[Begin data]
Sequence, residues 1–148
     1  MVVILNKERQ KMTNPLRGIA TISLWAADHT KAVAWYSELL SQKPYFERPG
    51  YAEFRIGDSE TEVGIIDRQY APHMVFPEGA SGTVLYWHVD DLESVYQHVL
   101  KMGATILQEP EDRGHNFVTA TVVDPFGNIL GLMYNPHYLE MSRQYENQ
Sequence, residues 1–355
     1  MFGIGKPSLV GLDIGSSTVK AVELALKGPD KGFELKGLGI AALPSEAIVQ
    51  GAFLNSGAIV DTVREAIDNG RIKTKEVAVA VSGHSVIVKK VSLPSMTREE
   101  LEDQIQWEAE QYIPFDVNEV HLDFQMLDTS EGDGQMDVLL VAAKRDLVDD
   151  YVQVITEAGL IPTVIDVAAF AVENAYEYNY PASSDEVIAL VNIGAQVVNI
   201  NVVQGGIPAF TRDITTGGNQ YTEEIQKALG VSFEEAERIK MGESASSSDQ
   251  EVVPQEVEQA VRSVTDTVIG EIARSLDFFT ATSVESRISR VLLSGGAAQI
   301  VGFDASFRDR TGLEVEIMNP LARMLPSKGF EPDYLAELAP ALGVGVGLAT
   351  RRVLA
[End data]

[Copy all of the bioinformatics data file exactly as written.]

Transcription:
Sequence, residues 1–148
     1  MVVILNKERQ KMTNPLRGIA TISLWAADHT KAVAWYSELL SQKPYFERPG
    51  YAEFRIGDSE TEVGIIDRQY APHMVFPEGA SGTVLYWHVD DLESVYQHVL
   101  KMGATILQEP EDRGHNFVTA TVVDPFGNIL GLMYNPHYLE MSRQYENQ
Sequence, residues 1–355
     1  MFGIGKPSLV GLDIGSSTVK AVELALKGPD KGFELKGLGI AALPSEAIVQ
    51  GAFLNSGAIV DTVREAIDNG RIKTKEVAVA VSGHSVIVKK VSLPSMTREE
   101  LEDQIQWEAE QYIPFDVNEV HLDFQMLDTS EGDGQMDVLL VAAKRDLVDD
   151  YVQVITEAGL IPTVIDVAAF AVENAYEYNY PASSDEVIAL VNIGAQVVNI
   201  NVVQGGIPAF TRDITTGGNQ YTEEIQKALG VSFEEAERIK MGESASSSDQ
   251  EVVPQEVEQA VRSVTDTVIG EIARSLDFFT ATSVESRISR VLLSGGAAQI
   301  VGFDASFRDR TGLEVEIMNP LARMLPSKGF EPDYLAELAP ALGVGVGLAT
   351  RRVLA